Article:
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Proc Natl Acad Sci U S A. 2009 Jun 30;106(26):10660-5. doi: 10.1073/pnas.0900072106. Epub 2009 Jun 17.

Structural and kinetic modeling of an activating helix switch in the rhodopsin-transducin interface.

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Institut für Medizinische Physik und Biophysik (CC2) and Institut für Biochemie, Charité-Universitätsmedizin Berlin, D-10117 Berlin, Germany.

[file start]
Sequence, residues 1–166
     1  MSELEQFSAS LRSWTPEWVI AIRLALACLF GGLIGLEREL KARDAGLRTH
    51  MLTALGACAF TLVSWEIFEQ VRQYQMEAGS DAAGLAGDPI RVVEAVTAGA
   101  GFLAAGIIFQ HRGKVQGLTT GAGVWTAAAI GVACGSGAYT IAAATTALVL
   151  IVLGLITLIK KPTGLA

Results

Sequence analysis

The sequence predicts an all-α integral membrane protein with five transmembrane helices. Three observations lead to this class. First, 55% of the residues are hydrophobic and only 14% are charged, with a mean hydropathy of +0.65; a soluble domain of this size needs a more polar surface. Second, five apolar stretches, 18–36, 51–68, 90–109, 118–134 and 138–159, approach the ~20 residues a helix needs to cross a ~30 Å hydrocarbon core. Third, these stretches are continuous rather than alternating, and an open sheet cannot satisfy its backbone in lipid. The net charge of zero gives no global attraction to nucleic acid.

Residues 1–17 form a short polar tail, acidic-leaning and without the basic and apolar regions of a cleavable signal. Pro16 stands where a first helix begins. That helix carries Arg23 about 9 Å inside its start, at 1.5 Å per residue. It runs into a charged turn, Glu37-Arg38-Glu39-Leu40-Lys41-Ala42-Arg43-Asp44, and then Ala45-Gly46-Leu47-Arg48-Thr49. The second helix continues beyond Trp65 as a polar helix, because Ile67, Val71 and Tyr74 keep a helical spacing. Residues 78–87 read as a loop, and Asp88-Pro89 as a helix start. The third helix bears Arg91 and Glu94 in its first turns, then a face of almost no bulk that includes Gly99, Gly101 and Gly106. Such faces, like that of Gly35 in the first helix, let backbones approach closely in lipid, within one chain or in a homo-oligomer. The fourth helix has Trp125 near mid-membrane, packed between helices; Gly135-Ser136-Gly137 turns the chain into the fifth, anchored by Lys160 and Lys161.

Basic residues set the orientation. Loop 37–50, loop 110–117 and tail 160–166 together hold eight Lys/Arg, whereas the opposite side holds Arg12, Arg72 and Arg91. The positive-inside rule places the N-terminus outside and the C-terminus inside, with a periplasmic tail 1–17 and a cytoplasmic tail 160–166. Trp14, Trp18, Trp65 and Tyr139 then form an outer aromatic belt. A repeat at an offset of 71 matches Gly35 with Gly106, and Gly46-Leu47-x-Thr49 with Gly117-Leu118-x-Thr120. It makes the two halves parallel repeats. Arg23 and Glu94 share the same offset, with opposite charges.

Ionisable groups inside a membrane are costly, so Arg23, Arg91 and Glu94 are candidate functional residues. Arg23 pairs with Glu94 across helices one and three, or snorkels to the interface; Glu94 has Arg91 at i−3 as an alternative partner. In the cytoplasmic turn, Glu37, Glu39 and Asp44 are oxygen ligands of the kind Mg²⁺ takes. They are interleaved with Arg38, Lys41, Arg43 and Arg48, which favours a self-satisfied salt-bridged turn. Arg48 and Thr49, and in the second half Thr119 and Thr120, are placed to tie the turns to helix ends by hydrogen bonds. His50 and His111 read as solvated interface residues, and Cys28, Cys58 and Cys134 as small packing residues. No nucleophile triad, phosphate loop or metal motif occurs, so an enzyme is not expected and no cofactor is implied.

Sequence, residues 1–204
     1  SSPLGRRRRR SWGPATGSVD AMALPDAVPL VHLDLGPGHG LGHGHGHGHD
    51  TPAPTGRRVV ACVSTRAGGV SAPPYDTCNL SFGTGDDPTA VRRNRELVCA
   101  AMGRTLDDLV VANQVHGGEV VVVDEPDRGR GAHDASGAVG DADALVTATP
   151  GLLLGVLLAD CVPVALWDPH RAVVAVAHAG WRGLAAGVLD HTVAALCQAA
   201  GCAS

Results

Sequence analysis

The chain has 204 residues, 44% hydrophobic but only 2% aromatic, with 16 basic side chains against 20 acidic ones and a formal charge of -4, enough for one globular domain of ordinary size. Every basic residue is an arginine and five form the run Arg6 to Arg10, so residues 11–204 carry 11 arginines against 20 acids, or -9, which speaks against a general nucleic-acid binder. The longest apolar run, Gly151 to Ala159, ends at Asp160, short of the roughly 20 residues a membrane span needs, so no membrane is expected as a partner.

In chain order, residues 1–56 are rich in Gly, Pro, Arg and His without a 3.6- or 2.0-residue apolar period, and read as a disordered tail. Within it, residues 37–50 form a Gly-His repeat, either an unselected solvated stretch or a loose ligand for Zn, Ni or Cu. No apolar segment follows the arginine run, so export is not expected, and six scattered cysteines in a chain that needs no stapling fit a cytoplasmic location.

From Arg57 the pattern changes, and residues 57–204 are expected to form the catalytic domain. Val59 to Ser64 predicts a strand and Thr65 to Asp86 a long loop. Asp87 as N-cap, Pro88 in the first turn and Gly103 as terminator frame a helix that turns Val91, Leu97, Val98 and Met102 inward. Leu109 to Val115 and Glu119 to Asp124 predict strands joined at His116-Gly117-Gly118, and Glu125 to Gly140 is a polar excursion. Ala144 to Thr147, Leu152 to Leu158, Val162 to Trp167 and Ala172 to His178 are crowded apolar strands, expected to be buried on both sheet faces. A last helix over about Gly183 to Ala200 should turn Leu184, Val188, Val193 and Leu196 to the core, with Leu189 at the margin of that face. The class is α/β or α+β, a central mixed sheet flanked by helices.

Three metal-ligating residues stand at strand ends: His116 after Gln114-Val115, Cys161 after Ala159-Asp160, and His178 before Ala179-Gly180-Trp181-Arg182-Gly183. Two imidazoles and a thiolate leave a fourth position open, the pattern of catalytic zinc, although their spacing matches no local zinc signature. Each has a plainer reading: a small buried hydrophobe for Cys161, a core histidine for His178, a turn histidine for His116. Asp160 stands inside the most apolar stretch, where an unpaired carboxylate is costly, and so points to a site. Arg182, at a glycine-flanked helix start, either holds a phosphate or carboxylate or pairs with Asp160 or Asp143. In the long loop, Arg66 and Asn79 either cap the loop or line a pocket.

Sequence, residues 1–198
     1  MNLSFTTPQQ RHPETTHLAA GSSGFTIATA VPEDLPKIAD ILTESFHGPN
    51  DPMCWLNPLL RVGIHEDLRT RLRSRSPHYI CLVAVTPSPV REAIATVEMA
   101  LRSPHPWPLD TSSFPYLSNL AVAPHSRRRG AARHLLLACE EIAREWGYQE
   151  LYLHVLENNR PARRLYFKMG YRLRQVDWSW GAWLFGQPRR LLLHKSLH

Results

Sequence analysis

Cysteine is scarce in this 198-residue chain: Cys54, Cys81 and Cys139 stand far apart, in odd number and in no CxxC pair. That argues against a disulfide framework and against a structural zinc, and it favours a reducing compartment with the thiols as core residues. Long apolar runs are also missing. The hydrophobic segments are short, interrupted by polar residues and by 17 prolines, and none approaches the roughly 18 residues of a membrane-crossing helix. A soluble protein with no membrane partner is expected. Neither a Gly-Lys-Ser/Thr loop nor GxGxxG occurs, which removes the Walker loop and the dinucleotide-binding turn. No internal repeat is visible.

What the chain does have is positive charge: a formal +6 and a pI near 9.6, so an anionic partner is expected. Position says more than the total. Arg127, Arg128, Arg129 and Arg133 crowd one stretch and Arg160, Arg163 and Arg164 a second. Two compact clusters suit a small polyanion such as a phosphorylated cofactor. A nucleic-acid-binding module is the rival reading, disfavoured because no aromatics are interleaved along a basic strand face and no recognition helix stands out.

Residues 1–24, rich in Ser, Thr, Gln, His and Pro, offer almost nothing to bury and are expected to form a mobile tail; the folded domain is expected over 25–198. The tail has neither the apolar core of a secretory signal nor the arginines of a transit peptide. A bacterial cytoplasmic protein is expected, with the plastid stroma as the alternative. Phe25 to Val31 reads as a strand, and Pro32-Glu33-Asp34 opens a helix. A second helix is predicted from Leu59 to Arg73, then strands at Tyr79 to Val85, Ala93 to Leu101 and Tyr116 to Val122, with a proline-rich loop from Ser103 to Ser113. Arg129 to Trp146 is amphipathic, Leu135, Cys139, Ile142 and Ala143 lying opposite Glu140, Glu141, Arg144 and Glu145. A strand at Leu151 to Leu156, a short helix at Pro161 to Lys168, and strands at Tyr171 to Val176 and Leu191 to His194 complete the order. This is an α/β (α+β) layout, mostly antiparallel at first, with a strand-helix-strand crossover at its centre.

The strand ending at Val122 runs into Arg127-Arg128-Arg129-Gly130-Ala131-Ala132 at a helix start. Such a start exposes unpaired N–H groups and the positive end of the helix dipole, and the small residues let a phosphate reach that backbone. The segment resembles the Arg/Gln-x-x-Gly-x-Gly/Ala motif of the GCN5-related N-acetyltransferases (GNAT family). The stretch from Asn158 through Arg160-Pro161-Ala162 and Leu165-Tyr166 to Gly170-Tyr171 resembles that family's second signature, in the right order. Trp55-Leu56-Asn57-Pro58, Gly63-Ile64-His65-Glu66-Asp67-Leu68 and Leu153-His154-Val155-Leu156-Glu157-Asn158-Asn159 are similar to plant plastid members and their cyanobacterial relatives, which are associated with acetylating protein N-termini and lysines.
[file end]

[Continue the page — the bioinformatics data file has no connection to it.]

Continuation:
Extracellular signals prompt G protein-coupled receptors (GPCRs) to adopt an active conformation (R*) and catalyze GDP/GTP exchange in the alpha-subunit of intracellular G proteins (Galphabetagamma). Kinetic analysis of transducin (G(t)alphabetagamma) activation shows that an intermediary R*xG(t)alphabetagamma.GDP complex is formed that precedes GDP release and formation of the nucleotide-free R*xG protein complex. Based on this reaction sequence, we explore the dynamic interface between the proteins during formation of these complexes. We start from the R* conformation stabilized by a G(t)alpha C-terminal peptide (GalphaCT) obtained from crystal structures of the GPCR opsin. Molecular modeling allows reconstruction of the fully elongated C-terminal alpha-helix of G(t)alpha (alpha5) and shows how alpha5 can be docked to the open binding site of R*. Two modes of interaction are found. One of them--termed stable or S-interaction--matches the position of the GalphaCT peptide in the crystal structure and reproduces the hydrogen-bonding networks between the C-terminal reverse turn of GalphaCT and conserved E(D)RY and NPxxY(x)(5,6)F regions of the GPCR. The alternative fit--termed intermediary or I-interaction--is distinguished by a tilt (42 degrees ) and rotation (90 degrees ) of alpha5 relative to the S-interaction and shows different alpha5 contacts with the NPxxY(x)(5,6)F region and the second cytoplasmic loop of R*. From the 2 alpha5 interactions, we derive a "helix switch" mechanism for the transition of R*xG(t)alphabetagamma.GDP to the nucleotide-free R*xG protein complex that illustrates how alpha5 might act as a transmission rod to propagate the conformational change from the receptor-G protein interface to the nucleotide binding site.

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